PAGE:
TimelineEdit

Before The OlympicsEdit

All courts except for the National Tennis Stadium were opened on 1 October 2007 and were tested between 6 and 20 October 2007 in the Good Luck Beijing 2007 ITF Pro Circuit, where 36 men and 44 women competed.

During The OlympicsEdit

 
Olympic Green Tennis Center during the 2008 Summer Olympics

The Courts hosted the 2008 Summer Olympics in Beijing. The following competitions were played:

The winnersEdit

Event Gold Silver Bronze
Men's singles
details
Rafael Nadal
  Spain
Fernando González
  Chile
Novak Djokovic
  Serbia
Men's doubles
details
  Switzerland (SUI)
Roger Federer
Stanislas Wawrinka
  Sweden (SWE)
Simon Aspelin
Thomas Johansson
  United States (USA)
Bob Bryan
Mike Bryan
Women's singles
details
Elena Dementieva
  Russia
Dinara Safina
  Russia
Vera Zvonareva
  Russia
Women's doubles
details
  United States (USA)
Serena Williams
Venus Williams
  Spain (ESP)
Anabel Medina Garrigues
Virginia Ruano Pascual
  China (CHN)
Yan Zi
Zheng Jie

During The ParalympicsEdit

The Courts also hosted the wheelchair tennis competitions of the 2008 Summer Paralympics in Beijing. These were played between 8 and 15 September 2008.

112 athletes (approximately 64-80 male and 32~48 female) were classified into disability group.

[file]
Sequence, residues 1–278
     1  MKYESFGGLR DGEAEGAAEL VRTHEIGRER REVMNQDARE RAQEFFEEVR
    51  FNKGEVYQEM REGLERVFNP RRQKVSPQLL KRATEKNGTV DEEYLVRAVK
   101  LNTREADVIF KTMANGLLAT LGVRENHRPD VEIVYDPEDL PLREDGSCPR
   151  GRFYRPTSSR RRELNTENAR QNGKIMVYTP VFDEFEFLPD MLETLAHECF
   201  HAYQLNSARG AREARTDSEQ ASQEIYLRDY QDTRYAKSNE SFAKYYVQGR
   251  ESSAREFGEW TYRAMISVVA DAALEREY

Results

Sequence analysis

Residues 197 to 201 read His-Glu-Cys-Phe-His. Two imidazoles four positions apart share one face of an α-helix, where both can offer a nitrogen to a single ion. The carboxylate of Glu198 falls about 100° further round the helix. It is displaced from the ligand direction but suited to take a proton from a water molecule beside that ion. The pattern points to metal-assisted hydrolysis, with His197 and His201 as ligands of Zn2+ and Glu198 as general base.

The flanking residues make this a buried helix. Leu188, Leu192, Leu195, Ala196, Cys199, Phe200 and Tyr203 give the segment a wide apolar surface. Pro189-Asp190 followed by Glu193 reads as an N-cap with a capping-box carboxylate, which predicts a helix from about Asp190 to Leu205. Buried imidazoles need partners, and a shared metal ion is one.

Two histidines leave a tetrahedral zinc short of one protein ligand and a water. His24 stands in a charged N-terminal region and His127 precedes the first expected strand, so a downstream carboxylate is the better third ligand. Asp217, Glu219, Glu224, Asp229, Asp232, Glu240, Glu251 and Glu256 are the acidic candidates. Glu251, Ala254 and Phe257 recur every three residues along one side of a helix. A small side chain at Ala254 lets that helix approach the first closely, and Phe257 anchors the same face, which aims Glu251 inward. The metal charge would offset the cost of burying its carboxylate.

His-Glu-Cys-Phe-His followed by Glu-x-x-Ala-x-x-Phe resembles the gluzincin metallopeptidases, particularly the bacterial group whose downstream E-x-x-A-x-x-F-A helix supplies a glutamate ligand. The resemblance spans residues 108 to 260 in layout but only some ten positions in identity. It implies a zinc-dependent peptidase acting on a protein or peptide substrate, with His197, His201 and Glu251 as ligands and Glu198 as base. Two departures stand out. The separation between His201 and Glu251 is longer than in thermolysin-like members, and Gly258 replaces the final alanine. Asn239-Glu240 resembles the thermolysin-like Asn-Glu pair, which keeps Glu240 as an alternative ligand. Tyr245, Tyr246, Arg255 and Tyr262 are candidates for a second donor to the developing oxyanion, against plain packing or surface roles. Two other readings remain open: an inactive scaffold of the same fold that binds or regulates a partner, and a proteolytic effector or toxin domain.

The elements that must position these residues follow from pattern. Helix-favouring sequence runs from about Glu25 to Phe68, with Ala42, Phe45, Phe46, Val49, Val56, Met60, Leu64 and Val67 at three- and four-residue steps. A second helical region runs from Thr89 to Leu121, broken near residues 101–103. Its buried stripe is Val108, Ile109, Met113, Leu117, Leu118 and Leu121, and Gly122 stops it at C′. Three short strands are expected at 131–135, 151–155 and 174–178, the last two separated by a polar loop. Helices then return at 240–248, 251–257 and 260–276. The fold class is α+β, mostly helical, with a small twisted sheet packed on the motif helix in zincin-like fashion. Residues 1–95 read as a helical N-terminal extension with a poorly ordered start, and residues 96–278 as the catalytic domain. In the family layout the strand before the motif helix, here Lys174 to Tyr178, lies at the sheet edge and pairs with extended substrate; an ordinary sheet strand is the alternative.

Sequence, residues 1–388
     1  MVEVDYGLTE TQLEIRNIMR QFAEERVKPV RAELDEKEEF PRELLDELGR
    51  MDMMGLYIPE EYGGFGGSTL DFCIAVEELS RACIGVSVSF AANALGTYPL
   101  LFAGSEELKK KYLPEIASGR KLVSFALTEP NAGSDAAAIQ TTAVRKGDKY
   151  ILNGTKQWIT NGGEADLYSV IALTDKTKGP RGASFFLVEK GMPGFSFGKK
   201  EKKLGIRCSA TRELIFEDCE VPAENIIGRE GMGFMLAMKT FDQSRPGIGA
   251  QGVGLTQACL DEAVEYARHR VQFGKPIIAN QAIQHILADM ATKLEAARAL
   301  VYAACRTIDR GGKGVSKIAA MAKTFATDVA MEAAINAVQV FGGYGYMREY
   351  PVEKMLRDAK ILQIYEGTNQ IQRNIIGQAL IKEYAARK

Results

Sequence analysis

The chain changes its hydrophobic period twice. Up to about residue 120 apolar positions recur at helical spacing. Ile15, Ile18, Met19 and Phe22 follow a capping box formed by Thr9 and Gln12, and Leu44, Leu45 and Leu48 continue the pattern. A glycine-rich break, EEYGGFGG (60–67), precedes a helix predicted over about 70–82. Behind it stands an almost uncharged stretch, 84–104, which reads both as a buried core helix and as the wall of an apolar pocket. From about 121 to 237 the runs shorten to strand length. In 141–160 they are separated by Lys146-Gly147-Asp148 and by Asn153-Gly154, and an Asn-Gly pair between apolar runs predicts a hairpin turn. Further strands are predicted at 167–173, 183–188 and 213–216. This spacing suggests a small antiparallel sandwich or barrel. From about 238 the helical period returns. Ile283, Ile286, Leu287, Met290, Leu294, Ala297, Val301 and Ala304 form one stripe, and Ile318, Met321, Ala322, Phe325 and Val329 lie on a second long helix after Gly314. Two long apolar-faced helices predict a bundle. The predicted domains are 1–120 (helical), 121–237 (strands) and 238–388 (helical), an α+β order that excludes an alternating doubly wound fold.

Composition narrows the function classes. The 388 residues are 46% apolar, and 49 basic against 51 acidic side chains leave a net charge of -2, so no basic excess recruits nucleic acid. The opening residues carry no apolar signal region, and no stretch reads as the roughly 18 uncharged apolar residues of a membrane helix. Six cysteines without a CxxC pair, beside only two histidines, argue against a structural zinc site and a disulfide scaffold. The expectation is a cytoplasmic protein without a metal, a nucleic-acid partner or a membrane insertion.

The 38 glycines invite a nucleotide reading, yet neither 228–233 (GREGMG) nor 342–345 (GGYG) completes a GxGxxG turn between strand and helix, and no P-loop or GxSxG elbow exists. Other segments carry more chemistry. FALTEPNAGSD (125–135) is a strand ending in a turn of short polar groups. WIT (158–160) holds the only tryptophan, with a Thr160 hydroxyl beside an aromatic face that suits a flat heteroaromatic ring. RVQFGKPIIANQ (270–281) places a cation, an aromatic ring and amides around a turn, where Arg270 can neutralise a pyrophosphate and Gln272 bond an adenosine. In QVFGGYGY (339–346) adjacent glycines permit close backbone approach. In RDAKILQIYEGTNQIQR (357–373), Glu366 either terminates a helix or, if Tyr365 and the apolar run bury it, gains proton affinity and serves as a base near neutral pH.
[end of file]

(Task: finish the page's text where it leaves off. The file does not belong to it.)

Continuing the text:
The competitions played included:

  • men's singles
  • women's singles
  • men's doubles
  • women's doubles
  • quads singles
  • quads doubles

The winnersEdit

Event Gold Silver Bronze
Men's singles
details
Shingo Kunieda
  Japan
Robin Ammerlaan
  Netherlands
Maikel Scheffers
  Netherlands
Men's doubles
details
  France (FRA)
Stéphane Houdet
Michaël Jeremiasz
  Sweden (SWE)
Stefan Olsson
Peter Wikstrom
  Japan (JPN)
Shingo Kunieda
Satoshi Saida
Women's singles
details
Esther Vergeer
  Netherlands
Korie Homan
  Netherlands
Florence Gravellier
  France
Women's doubles
details
  Netherlands (NED)
Korie Homan
Sharon Walraven
  Netherlands (NED)
Jiske Griffioen
Esther Vergeer
  France (FRA)
Florence Gravellier
Arlette Racineux
Quad singles
details
Peter Norfolk
  Great Britain
Johan Andersson
  Sweden
David Wagner
  United States
Quad doubles
details
  United States (USA)
Nick Taylor
David Wagner
  Israel (ISR)
Boaz Kramer
Shraga Weinberg
  Great Britain (GBR)
Jamie Burdekin
Peter Norfolk

After The Olympics/ParalympicsEdit

After the Beijing Olympic and Paralympic games of 2008, the center remained standing. It did not host the 2008 China Open Tennis tournament, despite rumours it would. However, it became the new home of the China Open from 2009 onwards.[1] A new center court, National Tennis Stadium, was completed in 2011. Featuring a retractable roof, this new court possesses a capacity of 15,000 spectators, making it the world's fifth largest tennis stadium by capacity. Lincuiqiao Station on Beijing Subway Line 8 opened in the same year, providing the closest public transport access to the tennis center.

See alsoEdit

ReferencesEdit

External linksEdit